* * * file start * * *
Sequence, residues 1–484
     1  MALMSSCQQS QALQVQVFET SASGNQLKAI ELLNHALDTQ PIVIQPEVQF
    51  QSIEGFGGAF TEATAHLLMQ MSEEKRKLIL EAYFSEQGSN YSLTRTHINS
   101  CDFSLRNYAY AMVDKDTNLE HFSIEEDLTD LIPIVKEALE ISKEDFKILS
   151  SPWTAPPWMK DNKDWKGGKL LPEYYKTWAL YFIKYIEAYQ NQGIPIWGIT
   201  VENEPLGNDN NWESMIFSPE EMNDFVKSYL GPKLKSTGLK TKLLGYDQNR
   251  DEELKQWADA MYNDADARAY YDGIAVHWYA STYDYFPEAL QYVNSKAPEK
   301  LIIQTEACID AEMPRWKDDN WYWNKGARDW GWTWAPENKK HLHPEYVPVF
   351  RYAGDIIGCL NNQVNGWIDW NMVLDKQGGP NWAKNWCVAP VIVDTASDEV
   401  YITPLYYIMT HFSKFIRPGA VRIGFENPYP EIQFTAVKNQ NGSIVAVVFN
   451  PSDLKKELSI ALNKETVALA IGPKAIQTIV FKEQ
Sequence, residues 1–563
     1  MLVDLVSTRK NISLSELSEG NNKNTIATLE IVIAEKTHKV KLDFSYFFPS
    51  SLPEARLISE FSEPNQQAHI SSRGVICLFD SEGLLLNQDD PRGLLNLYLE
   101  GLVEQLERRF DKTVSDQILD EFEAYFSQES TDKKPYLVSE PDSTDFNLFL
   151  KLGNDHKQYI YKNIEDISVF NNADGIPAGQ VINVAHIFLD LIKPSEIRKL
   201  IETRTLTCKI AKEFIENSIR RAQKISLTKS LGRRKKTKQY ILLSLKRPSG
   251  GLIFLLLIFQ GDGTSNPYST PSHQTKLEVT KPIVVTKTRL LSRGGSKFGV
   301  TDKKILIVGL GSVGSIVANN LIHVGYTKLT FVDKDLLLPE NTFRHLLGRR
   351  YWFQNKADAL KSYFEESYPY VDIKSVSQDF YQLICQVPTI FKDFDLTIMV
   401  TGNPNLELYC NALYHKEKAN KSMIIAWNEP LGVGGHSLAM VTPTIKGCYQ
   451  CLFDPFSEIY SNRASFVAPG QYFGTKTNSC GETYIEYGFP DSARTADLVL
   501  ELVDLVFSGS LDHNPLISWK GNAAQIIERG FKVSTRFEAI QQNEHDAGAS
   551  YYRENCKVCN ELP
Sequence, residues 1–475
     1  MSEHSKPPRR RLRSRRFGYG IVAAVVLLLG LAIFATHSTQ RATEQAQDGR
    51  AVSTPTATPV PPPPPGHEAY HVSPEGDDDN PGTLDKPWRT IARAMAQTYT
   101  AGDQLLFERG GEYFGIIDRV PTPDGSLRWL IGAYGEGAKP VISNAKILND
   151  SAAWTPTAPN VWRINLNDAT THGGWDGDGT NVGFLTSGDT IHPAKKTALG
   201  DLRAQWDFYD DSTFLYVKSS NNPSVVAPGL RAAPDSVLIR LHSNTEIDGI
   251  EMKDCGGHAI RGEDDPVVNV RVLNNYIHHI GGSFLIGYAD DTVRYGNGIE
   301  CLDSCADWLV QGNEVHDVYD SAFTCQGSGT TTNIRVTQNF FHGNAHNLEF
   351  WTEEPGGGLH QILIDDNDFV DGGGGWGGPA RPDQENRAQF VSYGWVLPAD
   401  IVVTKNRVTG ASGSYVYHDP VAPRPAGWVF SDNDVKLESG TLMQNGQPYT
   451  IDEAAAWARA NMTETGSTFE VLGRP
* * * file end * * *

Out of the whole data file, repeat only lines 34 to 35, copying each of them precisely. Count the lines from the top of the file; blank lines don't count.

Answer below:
   401  IVVTKNRVTG ASGSYVYHDP VAPRPAGWVF SDNDVKLESG TLMQNGQPYT
   451  IDEAAAWARA NMTETGSTFE VLGRP